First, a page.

7 January 2015 marked the start of an experiment I wanted to run on Singapore-listed stocks. I documented it in the article titled The Best Shares in Singapore’s Stock Market. The aim of the experiment was to find out how the Magic Formula investing strategy works here over the long run.
The Magic Formula was developed by Joe Greenblatt, and it was described in his 2005 investing book, The Little Book That Beats The Market. According to The New York Times, Greenblatt has an incredible track record as an investor – from 1985 to 1994, he delivered annual returns, before fees, of 50%.
In The Best Shares in Singapore’s Stock Market, I had described how the Magic Formula works, so I will not repeat myself. But what’s important to note is that the Magic Formula requires a yearly refresh.
So, on January 2016, I published two articles: (a) An article that touched on the 2015 Magic Formula portfolio’s returns and lessons; and (b) an article on a new portfolio of Magic Formula stocks for 2016. On January 2017, I did the same thing. I wrote and published two articles: (a) An article discussing the 2016 Magic Formula portfolio’s returns and lessons; and (b) an article on a fresh portfolio of Magic Formula stocks for 2017. Here are all the articles:
A year has passed since I had picked the 30 Magic Formula stocks for 2017. And it was a good year for the portfolio. The Straits Times Index (SGX: ^STI) had gained 22.1% in this timeframe including dividends, but the portfolio increased by 25.5%, again including dividends.
As a reminder, the five stocks in 2017 with the highest ratings, according to the Magic Formula, were:
1. Sinostar PEC Holdings Limited (SGX: C9Q)
2. T T J Holdings Ltd (SGX: K1Q)
3. Yuuzoo Corporation Ltd (SGX: AFC)
4. Sing Holdings Limited (SGX: 5IC)
5. Valuetronics Holdings Limited (SGX: BN2)
The table below shows how all 30 stocks in the 2017 Magic Formula portfolio had done over the past year:
Source: S&P Global Market Intelligence
As you can see, the 2017 Magic Formula stocks had some big winners as well as painful losers. This is now a recurrent theme: In the 2015 as well as 2016 Magic Formula portfolios, the same dynamic was present too.
There are now three years’ worth of real-time returns from the Magic Formula in Singapore’s stock market. But it is still too short a timeframe for conclusive findings. Yet, there are still lessons we can pick up.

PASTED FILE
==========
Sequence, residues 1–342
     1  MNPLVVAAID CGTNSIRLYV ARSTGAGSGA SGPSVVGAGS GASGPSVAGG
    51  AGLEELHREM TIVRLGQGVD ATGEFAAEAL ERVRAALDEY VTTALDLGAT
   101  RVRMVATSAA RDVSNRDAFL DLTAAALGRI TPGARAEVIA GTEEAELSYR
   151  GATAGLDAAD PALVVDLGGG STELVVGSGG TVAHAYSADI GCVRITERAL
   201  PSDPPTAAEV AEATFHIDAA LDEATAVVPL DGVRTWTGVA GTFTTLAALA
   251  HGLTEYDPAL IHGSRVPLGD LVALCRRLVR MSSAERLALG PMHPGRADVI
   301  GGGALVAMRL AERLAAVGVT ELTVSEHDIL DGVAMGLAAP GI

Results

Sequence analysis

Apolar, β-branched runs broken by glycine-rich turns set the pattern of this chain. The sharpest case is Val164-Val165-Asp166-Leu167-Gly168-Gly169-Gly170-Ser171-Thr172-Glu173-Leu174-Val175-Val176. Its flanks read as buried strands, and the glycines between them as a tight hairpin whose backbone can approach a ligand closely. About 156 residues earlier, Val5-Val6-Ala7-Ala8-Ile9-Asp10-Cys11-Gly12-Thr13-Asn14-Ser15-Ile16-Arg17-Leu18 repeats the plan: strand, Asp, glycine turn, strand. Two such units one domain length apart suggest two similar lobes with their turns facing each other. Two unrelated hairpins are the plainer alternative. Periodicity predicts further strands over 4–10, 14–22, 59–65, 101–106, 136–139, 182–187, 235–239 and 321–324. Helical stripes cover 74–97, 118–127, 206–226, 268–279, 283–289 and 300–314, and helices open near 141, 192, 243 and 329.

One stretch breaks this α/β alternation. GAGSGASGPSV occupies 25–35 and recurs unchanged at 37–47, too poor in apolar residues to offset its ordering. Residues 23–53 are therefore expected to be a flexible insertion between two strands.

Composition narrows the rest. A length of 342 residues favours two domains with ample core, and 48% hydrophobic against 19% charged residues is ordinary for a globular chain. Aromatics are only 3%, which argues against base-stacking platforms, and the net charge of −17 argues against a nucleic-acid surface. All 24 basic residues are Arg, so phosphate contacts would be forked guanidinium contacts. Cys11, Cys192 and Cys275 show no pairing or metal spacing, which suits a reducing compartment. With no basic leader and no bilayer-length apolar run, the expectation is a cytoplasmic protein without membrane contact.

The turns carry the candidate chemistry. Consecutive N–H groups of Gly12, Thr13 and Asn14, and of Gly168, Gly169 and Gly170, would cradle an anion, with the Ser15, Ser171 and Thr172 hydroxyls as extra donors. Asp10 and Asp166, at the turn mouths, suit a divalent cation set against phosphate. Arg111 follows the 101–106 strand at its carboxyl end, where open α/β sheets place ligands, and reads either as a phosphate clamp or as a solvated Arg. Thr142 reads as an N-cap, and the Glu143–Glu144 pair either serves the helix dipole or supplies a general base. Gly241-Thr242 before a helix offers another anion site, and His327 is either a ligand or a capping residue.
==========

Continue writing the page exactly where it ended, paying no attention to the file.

My takeaways from the 2017 Magic Formula portfolio’s performance largely mirror those of 2016’s (the link is here again), so I will not be rehashing them. But I have one previous lesson I want to highlight, and one new lesson to share:
1. The previous lesson I want to highlight is this: Great winners can come from stocks that are already winning. Valuetronics was in the 2015, 2016, and 2017 Magic Formula portfolios. The company’s dividend-adjusted gains in those three runs were 27.2%, 37.9%, and 113.7%, respectively. That’s outstanding.
2. The new lesson I want to share is this: The presence of big winners as well as big losers in the 2015, 2016, and 2017 Magic Formula portfolios highlights the importance of having a diversified portfolio. If you own only a handful of stocks, one big loser can mar your portfolio’s returns horribly.
As I mentioned earlier, the Magic Formula requires a yearly refresh. So, I have produced a new list of 30 Magic Formula stocks for 2018 (Valuetronics is in this new list too). Check out the new list of 30 stocks here!
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The information provided is for general information purposes only and is not intended to be personalised investment or financial advice. Motley Fool Singapore writer Chong Ser Jing owns shares in YuuZoo Corporation, Valuetronics Holdings, China Sunsine Chemical Holdings, Boustead Singapore, Boustead Projects, and Straco Corporation. The Motley Fool Singapore has a recommendation on Micro-Mechanics (Holdings), Nordic Group, and Straco Corporation.